Op-Ed: A detour in the debate

A detour in the debate
By Robert (Bob) Sather

For the past month, it’s been difficult to keep ethanol out of the news as Congress continues to debate the merits of support for the renewable fuel.  But while opponents of ethanol insist on painting tax credits for ethanol as fiscally irresponsible, but tout that by reducing tax credits for oil companies would be un-American.  Where is a fair and even playing field by competing industries?

Ethanol is good for America, and it’s good for Wisconsin. We rank ninth in the nation in ethanol production with overall capacity of more than 500 million gallons. There are nine large-scale ethanol plants in the state. In 2010, Wisconsin’s $1.168-billion ethanol industry produced 462 million gallons of ethanol.

That’s why Wisconsin’s ethanol producers have been keeping a close watch on the events taking place in Washington, in the votes of our elected officials and their comments to the media. Furthermorre, nationally, ethanol producers provide more motor fuel last year than we imported from Saudia Arabia.

In mid-June, the Senate voted twice on whether or not to continue the existing Volumetric Ethanol Excise Tax Credit (VEETC) for ethanol producers. Though the first attempt to end VEETC was not successful, a second amendment was passed.

Last week’s proposal in the Senate, introduced by Senators Dianne Feinstein (D-Calif.), John Thune (R-S.D.) and Amy Klobuchar (D-Minn.), is an even sharper attack on the industry. The effort would not only repeal VEETC and the existing 54-cent-per-gallon tariff on ethanol imports, but they would make this repeal effective July 31. Funding saved by the elimination of these programs would be earmarked toward national debt reduction.

While Wisconsin’s ethanol producers do feel a responsibility to share in the fiscal sacrifices that we all must make to get America back on the right track, these efforts are myopic. If tax credits are the real target, then we believe that our elected officials must also consider the more than $100 billion in subsidies that oil companies receive.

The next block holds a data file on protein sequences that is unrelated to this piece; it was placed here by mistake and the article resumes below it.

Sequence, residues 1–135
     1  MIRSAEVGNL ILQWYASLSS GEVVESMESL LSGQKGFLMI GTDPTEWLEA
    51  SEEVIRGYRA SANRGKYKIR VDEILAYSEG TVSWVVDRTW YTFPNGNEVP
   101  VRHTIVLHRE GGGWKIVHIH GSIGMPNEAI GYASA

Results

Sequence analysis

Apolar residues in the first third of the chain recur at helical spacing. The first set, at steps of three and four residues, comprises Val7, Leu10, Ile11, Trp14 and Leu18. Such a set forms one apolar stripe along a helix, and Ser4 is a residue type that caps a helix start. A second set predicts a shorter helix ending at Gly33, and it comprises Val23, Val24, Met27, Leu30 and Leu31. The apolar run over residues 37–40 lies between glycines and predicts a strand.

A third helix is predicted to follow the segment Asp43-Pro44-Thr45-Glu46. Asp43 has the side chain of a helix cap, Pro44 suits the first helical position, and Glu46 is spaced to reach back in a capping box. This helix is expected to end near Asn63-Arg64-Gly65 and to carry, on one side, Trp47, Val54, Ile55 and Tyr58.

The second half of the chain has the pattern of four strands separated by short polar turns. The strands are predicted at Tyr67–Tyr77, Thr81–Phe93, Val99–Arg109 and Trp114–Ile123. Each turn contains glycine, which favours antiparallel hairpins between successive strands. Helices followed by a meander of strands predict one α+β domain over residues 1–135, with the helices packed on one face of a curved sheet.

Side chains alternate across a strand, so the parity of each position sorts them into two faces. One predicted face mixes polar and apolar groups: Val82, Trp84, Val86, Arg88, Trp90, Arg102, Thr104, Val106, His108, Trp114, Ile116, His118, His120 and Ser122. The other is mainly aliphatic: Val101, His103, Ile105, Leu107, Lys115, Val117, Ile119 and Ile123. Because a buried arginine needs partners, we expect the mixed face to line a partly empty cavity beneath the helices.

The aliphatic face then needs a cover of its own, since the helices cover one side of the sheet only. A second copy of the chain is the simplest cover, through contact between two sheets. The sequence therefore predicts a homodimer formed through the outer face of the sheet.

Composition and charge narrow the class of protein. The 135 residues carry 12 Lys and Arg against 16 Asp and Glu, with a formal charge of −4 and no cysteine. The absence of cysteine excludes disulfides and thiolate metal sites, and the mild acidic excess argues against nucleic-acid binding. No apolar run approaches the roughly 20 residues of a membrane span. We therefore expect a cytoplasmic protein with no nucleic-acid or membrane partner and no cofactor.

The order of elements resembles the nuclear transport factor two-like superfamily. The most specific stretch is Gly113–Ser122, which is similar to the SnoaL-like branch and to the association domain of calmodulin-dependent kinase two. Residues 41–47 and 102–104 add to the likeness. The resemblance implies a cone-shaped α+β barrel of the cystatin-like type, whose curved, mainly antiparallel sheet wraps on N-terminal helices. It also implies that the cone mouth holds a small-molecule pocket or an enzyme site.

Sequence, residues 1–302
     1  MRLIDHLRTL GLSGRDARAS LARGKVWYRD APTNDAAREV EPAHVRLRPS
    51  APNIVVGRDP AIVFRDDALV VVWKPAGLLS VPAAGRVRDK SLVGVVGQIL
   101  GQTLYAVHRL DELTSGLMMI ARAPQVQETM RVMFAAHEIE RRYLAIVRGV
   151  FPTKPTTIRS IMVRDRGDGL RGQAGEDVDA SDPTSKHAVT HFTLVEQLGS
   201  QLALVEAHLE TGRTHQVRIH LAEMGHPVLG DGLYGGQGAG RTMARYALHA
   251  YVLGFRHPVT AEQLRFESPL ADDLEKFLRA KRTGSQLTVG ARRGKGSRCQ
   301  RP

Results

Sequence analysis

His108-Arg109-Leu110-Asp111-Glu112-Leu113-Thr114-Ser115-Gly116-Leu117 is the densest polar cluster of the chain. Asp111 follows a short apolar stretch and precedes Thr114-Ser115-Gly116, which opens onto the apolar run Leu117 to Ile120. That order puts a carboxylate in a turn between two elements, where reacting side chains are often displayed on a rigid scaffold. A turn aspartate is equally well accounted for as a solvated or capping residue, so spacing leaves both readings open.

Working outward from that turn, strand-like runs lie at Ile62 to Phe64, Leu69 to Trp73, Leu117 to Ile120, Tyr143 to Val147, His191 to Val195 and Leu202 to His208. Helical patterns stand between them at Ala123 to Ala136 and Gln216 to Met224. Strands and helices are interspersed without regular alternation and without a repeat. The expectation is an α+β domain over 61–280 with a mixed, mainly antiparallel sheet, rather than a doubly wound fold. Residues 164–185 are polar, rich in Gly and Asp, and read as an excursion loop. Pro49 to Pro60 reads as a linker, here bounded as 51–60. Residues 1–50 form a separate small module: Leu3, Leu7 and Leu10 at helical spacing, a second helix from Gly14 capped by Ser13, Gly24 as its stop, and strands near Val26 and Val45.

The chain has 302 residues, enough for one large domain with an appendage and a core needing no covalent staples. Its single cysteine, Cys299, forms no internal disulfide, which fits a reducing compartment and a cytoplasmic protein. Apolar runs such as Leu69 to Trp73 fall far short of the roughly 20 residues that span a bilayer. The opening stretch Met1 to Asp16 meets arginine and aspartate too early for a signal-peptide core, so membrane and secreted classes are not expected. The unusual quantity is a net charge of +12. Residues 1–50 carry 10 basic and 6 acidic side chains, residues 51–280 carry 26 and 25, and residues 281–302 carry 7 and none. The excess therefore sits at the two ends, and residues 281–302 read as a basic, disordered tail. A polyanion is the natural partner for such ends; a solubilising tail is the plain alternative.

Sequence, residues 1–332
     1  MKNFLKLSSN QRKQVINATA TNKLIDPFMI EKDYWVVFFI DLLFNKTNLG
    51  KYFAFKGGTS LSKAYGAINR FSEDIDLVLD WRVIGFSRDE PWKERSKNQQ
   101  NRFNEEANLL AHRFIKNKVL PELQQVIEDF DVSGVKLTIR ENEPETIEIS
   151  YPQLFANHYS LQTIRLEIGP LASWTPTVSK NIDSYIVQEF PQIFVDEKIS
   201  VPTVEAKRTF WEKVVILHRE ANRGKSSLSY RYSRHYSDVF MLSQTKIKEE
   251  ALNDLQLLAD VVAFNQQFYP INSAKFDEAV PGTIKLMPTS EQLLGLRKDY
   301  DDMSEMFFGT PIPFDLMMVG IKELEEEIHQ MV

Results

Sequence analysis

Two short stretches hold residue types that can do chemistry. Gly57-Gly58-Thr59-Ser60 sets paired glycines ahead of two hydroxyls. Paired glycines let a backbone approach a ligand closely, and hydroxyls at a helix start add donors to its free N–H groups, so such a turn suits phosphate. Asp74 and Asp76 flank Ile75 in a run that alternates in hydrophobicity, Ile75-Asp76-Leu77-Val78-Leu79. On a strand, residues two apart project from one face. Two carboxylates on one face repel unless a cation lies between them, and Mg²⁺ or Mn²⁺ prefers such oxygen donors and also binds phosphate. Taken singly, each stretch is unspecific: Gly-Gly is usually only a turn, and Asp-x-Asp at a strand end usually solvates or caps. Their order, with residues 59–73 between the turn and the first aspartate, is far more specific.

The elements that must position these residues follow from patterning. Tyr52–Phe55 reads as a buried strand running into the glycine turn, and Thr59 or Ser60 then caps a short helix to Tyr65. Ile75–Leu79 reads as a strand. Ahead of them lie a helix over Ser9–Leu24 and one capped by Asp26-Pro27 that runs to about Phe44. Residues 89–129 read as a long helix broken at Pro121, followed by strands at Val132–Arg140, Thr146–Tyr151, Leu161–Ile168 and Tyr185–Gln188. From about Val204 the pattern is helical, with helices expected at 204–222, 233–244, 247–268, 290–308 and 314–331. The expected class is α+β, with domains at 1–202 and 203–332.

Eliminating ethanol tax credits without concurrently addressing incentives available to ethanol’s competitive energy producers is sending the wrong message to those who are actively pursuing energy independence for our country. These recent efforts do not level the playing field. In fact, they discourage American innovation at a time when we really need it.

There is some room for optimism. Senate leaders have recognized the need to continue support for next-wave bio fuels through the continuation of three smaller, existing programs. Under the most recent proposal, a tax credit for cellulosic bio fuel production that was set to expire at the end of 2012 would be extended for another three years under this proposal.

An extension is also proposed for the Alternative Fuels Infrastructure Tax Credit program, which provides tax credits for alternative fueling equipment. This program was set to expire at the end of 2011, and under this proposal, would continue for another three years. A third program provides for a one-year extension to a small producer tax credit. With this proposal, both of these programs would continue at a reduced rate.

Members of the Wisconsin Bio Industry Alliance are open to and seek proactive, constructive debate on the issue of subsidies and welcome a dialogue with our elected officials. A vote to discontinue this subsidy without equal consideration for long-time subsidies in place for Big Oil is very troubling. From a fiscal standpoint, the attack on ethanol is arbitrary and shows a lack of long-term vision for the American bio fuel industry.

The ethanol industry welcomes the opportunity to operate on a level playing field with Big Oil. For that to happen, however, all subsidies must be addressed. We import nearly $1 billion in oil each day, meaning that in one week, we spend more on imported oil than on an entire year of biofuel-related tax incentives. On an international level, global-fossil fuel subsidies reached $312 billion in 2009.

It’s time to bring the debate back to a collaborative discussion between ethanol producers, industry representatives and our elected officials. This is not the time for knee-jerk reactions based on short-term impacts. Investing in ethanol production through producer subsidies requires a longer-term view, and we look forward to working with our state’s elected officials on this issue.

Bob Sather is president of the Wisconsin Bio Industry Alliance, a diverse group of businesses, environmental groups and statewide and local organizations that have come together to build both public and legislative awareness of the Bio Industry in Wisconsin. He is the director of government relations and member of Ace Ethanol LLC, based on Chippewa Falls, Wis.